What It Is:
A quarterly report is a set of financial statements issued by a company every three months. Public companies in the United States file this report via the Securities and Exchange Commission (SEC) Form 10-Q.
How It Works/Example:
A quarterly report for a public company typically includes an income statement, balance sheet, and cash flow statement for the quarter and the year-to-date (YTD), as well as comparative results for the prior year. Quarterly reports also include a discussion and analysis of the company's financial condition, disclosures about risk factors that may affect the value of the company, a discussion of matters submitted to a vote by shareholders during the quarter; and any other pertinent information related to the company and its business.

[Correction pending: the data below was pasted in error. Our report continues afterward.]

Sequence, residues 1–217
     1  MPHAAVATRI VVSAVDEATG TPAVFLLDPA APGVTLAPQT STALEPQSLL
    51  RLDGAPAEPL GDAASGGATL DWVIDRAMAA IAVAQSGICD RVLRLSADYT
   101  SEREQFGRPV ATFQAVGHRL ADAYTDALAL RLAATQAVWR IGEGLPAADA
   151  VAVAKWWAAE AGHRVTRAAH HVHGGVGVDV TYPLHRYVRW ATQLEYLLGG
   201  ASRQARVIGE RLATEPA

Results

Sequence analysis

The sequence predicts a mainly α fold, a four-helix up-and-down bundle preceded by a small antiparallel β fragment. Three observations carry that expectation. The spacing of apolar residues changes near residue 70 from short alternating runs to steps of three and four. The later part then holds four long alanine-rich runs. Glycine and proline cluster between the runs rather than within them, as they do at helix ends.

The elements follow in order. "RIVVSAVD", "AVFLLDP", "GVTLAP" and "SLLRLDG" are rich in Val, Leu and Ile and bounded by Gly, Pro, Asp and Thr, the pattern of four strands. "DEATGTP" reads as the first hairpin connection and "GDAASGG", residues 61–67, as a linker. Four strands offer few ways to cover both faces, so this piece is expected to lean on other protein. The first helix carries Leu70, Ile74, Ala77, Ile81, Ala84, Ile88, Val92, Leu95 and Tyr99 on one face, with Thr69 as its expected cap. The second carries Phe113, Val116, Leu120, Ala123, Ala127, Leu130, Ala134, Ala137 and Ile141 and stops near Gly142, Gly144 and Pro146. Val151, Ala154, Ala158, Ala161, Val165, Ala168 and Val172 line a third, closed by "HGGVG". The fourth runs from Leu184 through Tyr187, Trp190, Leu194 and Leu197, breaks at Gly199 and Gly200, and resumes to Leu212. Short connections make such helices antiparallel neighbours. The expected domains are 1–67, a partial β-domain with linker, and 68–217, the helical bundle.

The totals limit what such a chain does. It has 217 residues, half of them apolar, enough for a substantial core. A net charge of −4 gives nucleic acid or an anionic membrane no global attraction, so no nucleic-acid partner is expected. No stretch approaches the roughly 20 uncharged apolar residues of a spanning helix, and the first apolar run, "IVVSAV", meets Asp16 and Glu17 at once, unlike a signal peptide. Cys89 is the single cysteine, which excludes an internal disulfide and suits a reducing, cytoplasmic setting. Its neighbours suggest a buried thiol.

Generally, quarters end in March, June, September, and December, and quarterly reports are filed a few weeks later.
Why It Matters:
Quarterly reports help investors take the pulse of public companies. By comparing the quarterly information to the previous year's information for the same quarter, investors can get rich insight into a business's performance and growth. Furthermore, quarterly reports help investors predict future earnings potential, which is highly correlated to a company's share price.